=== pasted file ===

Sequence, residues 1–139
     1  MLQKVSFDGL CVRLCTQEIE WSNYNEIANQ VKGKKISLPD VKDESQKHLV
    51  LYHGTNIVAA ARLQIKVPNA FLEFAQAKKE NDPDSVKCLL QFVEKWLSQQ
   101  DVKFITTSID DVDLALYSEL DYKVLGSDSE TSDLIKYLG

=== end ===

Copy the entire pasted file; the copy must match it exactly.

Sequence, residues 1–139
     1  MLQKVSFDGL CVRLCTQEIE WSNYNEIANQ VKGKKISLPD VKDESQKHLV
    51  LYHGTNIVAA ARLQIKVPNA FLEFAQAKKE NDPDSVKCLL QFVEKWLSQQ
   101  DVKFITTSID DVDLALYSEL DYKVLGSDSE TSDLIKYLG